The 132nd episode of my weekly YouTube show where I discuss what is happening in investment markets and what to look out for. This week I explain how the Fed may have helped to influence markets leading up to Christmas.
Each show lasts between 5-10 minutes and is aimed at DIY investors (including novices) seeking contemporary analysis to help them understand how investment markets work.
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Abridged transcript - Midweek Markets episode 132
Last week’s show was titled “It's starting to feel a lot like Christmas in equity markets” and it was a nod to how equity markets appeared to be turning a corner and investor risk appetite increasing.
We experienced an incredible 3 day rally last week with many equity markets pushing back towards new-all time highs, or at least recent highs. Bond yields were muted and the mood was generally one of “risk-on”. The catalyst was up for debate.
But after such a strong rally perhaps it was to be expected that some of the steam would be let out of equity markets. Broadly, most major equity markets fell around 2% at the start of this week. That was largely because there were major hurdles to overcome in the form of central bank policy decisions on Wednesday and Thursday. Central banks globally announced their latest policy decision, most of them doing so today (which was therefore dubbed Super Thursday). As is often the case, most attention was directed towards the European Central Bank (the ECB), the US Federal Reserve and the Bank of England.
In recent months December’s meetings were certainly seen as live meetings for the Fed and the Bank of England - and that means there was the expectation for tightening of monetary policy on both sides of the pond. In the case of the Bank of England, the market had been betting on a modest interest rate rise from 0.1 to 0.25% - the first rate rise since the pandemic began. But if you’ve been watching these shows then you will know that Omicron muddied the waters, posing a significant threat to economic growth. Indeed even some of the more hawkish members of the Bank of England’s Monetary Policy Committee (MPC) had gone on record in recent weeks to say it may be prudent to take a wait-and-see approach with regard to interest rate rises given the lack of understanding of Omicron and its potential impacts.
Even the Fed had been deemed to be taking a more dovish tilt in recent months despite soaring inflation. So there was much uncertainty heading into this week about what key central banks would do and there was always the potential for them to pull the rug from under investors' feet. The consensus view seemed to veer more towards the Fed and the Bank of England being more dovish, than previously expected. But then by midweek new data in the US showed inflation had hit 6.8% which is a 39 year high. Hot on the heels of that data, it was announced that UK inflation had soared to 5.1%, a 10 year high. The data piled the pressure on central banks to take action.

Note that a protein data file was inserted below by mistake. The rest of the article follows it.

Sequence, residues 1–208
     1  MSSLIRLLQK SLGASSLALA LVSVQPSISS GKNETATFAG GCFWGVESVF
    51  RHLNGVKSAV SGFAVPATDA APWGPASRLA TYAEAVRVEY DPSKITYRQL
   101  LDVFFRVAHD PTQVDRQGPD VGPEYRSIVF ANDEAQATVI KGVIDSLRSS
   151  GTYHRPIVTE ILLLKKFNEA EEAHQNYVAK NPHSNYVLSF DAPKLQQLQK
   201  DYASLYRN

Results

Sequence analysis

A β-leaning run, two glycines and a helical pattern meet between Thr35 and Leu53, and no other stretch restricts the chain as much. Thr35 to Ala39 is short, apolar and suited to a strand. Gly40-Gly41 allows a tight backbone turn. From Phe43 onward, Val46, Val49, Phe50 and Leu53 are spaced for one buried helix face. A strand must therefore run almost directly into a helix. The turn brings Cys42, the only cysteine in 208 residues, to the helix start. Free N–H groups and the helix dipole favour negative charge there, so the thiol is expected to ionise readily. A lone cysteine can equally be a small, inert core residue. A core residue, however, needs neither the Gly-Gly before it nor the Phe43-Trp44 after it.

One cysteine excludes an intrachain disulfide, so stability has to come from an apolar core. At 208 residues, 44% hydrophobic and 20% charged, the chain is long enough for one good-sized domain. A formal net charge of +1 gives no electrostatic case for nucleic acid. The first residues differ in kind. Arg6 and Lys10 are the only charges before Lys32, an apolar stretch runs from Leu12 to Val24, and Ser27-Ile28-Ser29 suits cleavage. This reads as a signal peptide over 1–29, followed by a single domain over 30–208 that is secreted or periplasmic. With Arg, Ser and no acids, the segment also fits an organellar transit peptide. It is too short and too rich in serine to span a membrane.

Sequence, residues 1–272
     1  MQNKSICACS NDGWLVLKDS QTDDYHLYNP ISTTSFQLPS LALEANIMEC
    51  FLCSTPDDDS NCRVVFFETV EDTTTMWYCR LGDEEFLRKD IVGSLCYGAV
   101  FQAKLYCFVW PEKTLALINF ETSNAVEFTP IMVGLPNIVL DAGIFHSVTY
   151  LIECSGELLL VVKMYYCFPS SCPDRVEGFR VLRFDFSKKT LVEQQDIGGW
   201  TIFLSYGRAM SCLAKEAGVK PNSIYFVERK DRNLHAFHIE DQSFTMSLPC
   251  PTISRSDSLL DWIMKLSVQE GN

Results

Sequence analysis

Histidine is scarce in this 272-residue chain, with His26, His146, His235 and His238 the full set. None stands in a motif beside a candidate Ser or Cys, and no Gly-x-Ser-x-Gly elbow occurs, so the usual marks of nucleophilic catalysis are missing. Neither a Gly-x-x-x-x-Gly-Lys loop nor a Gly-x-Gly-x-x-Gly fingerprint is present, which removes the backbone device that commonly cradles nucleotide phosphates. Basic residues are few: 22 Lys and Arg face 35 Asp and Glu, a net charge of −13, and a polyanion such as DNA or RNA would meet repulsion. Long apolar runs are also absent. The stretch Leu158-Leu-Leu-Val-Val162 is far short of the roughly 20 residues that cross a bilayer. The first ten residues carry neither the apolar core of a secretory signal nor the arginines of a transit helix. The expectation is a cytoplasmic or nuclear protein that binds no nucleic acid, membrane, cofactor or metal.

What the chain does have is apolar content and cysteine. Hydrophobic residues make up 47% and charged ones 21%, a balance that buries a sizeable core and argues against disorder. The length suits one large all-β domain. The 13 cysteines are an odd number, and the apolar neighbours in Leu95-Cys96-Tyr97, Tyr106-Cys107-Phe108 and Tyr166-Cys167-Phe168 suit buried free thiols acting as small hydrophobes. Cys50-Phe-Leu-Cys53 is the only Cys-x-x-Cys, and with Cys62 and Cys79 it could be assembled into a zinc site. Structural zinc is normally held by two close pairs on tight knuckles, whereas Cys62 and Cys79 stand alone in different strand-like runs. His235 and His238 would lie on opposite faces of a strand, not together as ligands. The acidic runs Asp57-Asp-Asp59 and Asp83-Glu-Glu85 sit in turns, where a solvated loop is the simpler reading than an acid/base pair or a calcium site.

In the end both the US and the UK did indeed take action. Firstly the US Federal Reserve doubled the rate at which it is tapering its QE programme, reducing the level of support it provides for the US economy. And while it did not choose to raise interest rates it did suggest that there would be three interest rates rises in 2022. This announcement was made on Wednesday after European equity markets had closed. You may think that markets would have reacted negatively to such a hawkish turn, indeed some suggested that Jerome Powell had waited until he secured another term in office before turning the screws on the US economy. But you’d be wrong, in fact US equity markets exploded to the upside. A hawkish decision was paired with a more dovish press conference from Powell, but equity markets hastily rewrote the investing narrative regardless. The Fed’s decision to not be in a rush to raise interest rates was seen as positive, while the general tightening of monetary policy was seen as a sign that the US economy was on a strong footing.
US equity markets exploded higher with the S&P 500 finishing up 1.63% on the day, while the tech-heavy Nasdaq 100 rallied an amazing 2.35%. It is a perfect lesson in why trying to second guess what central banks will do and how the market will react is foolhardy. Perhaps, the market was just happy that there were no more surprises from the Fed.
The euphoria was seen in equity markets globally today, with the FTSE 100 up 1.4% while Euopeans stocks are up broadly around 1% to 1.2%. This is despite the market being largely caught off-guard by the Bank of England then raising interest rates from 0.1% to 0.25%. But again, the hawkish tone didn't rattle equity markets. The pound rallied almost 0.5% against the dollar and the euro (the ECB didn’t pull any surprises) while gilts fell in value as investors dumped them in favour of equities. Don’t forget that a rising interest rate environment makes bonds less attractive.
While we are all concerned about Omicron spoiling the party as we head into the festive season, it would appear that the Fed and the Bank of England are not. Assuming the market doesn’t give up its gains of the last 24 hours, has Powell and co given the green light to the end of year Santa rally to get underway?
As I pointed out to 80-20 Investors last week, that sometimes it pays to almost keep it simple, and forget the ever changing and contradictory narratives that investment markets conjure up. Based on history there's still a 74% chance of a positive December (Santa rally) in US equities and an 86% chance in UK stocks. It doesn't guarantee it will happen, but from a numbers point of view, the odds remain favourable even if the market experiences another wobble.